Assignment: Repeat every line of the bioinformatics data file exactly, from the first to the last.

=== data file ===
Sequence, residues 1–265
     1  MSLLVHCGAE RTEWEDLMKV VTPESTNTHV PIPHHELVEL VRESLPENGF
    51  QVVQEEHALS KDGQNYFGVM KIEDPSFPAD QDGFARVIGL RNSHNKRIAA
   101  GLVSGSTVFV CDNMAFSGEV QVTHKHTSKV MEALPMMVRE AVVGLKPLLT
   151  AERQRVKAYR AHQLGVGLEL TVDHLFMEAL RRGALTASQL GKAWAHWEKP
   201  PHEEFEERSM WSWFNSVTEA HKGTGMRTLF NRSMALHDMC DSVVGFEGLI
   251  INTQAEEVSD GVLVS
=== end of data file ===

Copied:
Sequence, residues 1–265
     1  MSLLVHCGAE RTEWEDLMKV VTPESTNTHV PIPHHELVEL VRESLPENGF
    51  QVVQEEHALS KDGQNYFGVM KIEDPSFPAD QDGFARVIGL RNSHNKRIAA
   101  GLVSGSTVFV CDNMAFSGEV QVTHKHTSKV MEALPMMVRE AVVGLKPLLT
   151  AERQRVKAYR AHQLGVGLEL TVDHLFMEAL RRGALTASQL GKAWAHWEKP
   201  PHEEFEERSM WSWFNSVTEA HKGTGMRTLF NRSMALHDMC DSVVGFEGLI
   251  INTQAEEVSD GVLVS